While learning Korean you might have heard about something called Hanja, but never actually seen it. Or perhaps you have heard of Sino-Korean vocabulary or Hanjaoe. So you might be wondering what Hanja are. And perhaps you might wonder why quite a few influential Korean language bloggers are adamant in convincing you to learn Hanja, the Chinese characters in Korean. In this article we will answer these two questions: “What Are Hanja” and “Why learn Hanja”.
What Are Hanja
The first important question we need to address is: “What are Hanja?” Hanja (KR: 한자, Hanja: 漢字) is the name for the Chinese characters that Koreans once used to write the Korean. In the long, long ago, Hangeul didn’t exist. However, that doesn’t mean Koreans never wrote something down prior to the invention for that Korean writing system. In the pre-Hangeul era, Koreans wrote with Chinese characters to write things down, though it was more involved than ‘just’ using the characters. However, the characters they used, are the Hanja you hear so much about.
Now as you can imagine, writing Korean with Chinese characters was rather difficult. Those characters were meant to be used for Chinese, not Korean and as a consequence, very few people in Korea could actually read and write. Eventually, King Sejong the Great would instruct his people to develop a writing system just for Korean so more people would be able to write and read Korean. Hangeul would eventually replace Hanja, yet the influence of Hanja would never disappear from the Korean language. Moreover, these Chinese characters never completely disappeared. You can still find them in modern Korea to this very day.
Despite Hangeul replacing Hanja as the primary way to write Korean, Hanja never stopped influencing the Korean language. Furthermore, due to its long history, these Chinese characters influenced the language forever. Its most noticeable influence you can find in the Korean vocabulary. Many, many words today still are derived from these characters. These are the Sino-Korean words or 한자어 (Hanja: 漢字語). They are the reason why many advice Korean language learners to eventually spend some time on these Chinese characters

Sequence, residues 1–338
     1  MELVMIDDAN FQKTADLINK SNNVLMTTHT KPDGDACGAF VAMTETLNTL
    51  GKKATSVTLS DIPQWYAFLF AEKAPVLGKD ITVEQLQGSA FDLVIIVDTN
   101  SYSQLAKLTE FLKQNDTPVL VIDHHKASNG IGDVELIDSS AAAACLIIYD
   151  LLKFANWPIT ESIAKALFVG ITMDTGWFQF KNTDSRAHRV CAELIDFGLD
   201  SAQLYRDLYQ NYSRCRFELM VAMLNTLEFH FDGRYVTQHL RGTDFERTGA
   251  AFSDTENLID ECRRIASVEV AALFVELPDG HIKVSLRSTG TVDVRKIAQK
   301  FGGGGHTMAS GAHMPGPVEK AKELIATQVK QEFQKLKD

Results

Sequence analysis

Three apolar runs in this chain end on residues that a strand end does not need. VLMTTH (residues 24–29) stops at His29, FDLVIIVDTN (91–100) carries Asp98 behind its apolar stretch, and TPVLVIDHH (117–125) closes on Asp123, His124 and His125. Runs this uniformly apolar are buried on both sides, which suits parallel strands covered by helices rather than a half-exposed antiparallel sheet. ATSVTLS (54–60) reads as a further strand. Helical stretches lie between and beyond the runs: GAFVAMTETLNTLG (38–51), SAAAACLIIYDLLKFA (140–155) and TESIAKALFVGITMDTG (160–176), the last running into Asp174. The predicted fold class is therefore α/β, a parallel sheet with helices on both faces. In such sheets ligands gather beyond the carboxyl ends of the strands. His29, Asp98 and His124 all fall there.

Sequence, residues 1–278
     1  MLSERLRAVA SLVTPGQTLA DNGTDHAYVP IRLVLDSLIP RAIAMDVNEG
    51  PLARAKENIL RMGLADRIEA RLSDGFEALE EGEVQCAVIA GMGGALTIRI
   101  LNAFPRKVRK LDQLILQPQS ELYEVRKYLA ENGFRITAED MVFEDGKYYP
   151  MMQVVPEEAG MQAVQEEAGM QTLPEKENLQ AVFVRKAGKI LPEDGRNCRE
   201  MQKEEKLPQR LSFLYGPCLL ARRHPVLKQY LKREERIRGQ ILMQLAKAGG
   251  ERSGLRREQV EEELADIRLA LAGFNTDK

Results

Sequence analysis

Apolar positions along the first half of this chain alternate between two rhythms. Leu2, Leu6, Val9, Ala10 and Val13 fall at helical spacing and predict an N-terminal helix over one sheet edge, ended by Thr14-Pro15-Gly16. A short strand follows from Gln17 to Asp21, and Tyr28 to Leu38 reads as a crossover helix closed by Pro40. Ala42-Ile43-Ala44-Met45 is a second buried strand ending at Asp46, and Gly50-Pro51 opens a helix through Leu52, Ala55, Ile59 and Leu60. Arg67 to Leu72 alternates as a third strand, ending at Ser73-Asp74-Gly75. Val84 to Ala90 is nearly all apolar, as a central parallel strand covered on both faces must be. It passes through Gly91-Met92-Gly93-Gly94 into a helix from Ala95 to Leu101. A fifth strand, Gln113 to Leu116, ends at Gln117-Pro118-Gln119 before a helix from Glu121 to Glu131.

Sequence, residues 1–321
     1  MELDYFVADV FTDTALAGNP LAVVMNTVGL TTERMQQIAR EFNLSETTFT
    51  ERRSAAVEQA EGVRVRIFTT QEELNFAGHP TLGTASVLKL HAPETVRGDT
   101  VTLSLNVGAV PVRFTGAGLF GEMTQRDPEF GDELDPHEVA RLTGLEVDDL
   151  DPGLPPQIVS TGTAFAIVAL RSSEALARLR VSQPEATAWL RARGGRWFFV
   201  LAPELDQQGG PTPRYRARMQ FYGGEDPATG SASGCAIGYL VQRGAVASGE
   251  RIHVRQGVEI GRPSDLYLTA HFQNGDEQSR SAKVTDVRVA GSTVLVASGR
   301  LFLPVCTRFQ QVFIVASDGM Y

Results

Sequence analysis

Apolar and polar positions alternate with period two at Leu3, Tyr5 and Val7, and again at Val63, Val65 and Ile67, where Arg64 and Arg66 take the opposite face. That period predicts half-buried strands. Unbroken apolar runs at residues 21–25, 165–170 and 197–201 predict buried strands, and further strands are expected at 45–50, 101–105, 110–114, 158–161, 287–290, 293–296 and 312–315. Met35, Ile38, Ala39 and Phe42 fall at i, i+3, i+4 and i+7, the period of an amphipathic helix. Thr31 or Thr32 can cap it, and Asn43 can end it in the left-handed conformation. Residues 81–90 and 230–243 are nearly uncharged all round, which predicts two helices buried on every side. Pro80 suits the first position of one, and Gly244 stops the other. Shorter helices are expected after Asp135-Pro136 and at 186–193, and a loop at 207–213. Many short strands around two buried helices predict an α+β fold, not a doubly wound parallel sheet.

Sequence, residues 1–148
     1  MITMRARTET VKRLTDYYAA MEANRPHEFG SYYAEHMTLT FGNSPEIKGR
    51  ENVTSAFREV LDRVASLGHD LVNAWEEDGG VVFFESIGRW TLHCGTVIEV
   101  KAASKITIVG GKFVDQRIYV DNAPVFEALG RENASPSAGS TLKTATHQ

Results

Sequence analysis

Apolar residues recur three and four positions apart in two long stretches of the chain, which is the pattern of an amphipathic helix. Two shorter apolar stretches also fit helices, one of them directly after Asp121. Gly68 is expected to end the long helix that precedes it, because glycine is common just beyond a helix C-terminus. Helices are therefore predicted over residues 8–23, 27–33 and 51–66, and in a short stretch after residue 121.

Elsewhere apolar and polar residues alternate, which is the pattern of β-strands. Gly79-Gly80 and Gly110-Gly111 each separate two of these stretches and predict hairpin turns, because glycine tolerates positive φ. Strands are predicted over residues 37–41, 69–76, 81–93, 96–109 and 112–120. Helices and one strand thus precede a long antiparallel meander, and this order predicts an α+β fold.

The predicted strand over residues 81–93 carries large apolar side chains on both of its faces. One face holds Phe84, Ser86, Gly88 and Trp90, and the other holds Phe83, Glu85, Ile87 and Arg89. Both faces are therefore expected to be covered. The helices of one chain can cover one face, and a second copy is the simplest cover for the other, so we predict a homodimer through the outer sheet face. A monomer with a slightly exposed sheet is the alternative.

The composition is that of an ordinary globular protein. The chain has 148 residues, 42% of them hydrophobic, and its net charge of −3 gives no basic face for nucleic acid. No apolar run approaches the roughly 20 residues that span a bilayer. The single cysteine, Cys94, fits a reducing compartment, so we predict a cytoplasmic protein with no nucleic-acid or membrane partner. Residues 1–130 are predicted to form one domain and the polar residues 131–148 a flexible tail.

As mentioned, Hanja never truly disappeared from Korea. You can still find these Chinese characters, but not as the primary script. Its use has evolved with the advent of Hangeul.
One important area which still heavily relies on the characters is print media and the news. You see the Sino-Korean vocabulary, while rich and sometimes literary, has one big problem: homonyms. Many Sino-Koreans words are written the same in Hangeul, but they can have wildly different meanings. That can cause issues. However, you can solve it by writing them in Hanja. Doing this will take away any potential misunderstanding (assuming the reader knows the characters). However, print media and the news are not the only ones still relying on Hanja.
Another use for Hanja that you will often see news agency use is using a single, well-known character as a shorthand. If you ever watched Korean news, you might have noticed that certain headlines contain single characters like 美, 北 and 日. These refer to the US (KR: 미국, Hanja: 美國), North Korea (KR: 북한, Hanja: 北韓) and Japan (KR: 일본, Hanja: 日本) respectively. They use the first characters of these country’s name in Korean as a shorthand. They do this because most, if not all, Koreans know what these characters mean when used in that manner.
Yet another important area that uses Hanja today is academics. Plenty of academic fields require students to know a tremendous amount of these Chinese characters. These fields are not only Korean language related, but also all science fields. This is of course due to the fact many of the words used in science are Sino-Korean. And, as mentioned earlier, there are many homonyms in Sino-Korean vocabulary thus these characters appear frequently in academic texts to remove any confusion.
As we have said multiple times by now, Sino-Korean vocabulary has a tremendous amount of vocabulary. You can probably imagine the headaches this would cause for dictionaries. Therefore, Korean dictionaries always add the Hanja to each word. This removes any possible confusion from, but it also helps the user better understand that Sino-Korean word.
Lastly, another important use of Hanja is names. While names are most often written purely in Hangeul, the names of many Koreans are also written (and registered officially) in Hanja. Those Chinese characters are very serious business in Korea when the parents plan to use them for their child. It is a rather simple, but complicated tradition beyond the scope of this article.
Those were the most important uses of Hanja today. There’re probably still a few more uses, but these are the most important ones.
Why Learn Hanja
If you follow a few Korean language bloggers and vloggers (like), many of them will have recommended looking at Hanja at one point. I feel this advice is completely justified. As you may have noticed, Korean is full of homonyms and difficult to explain (Sino-Korean) vocabulary. However, if you understand those pesky Chinese and their underlying meaning, those confusing Sino-Korean words suddenly become a whole lot easier to understand.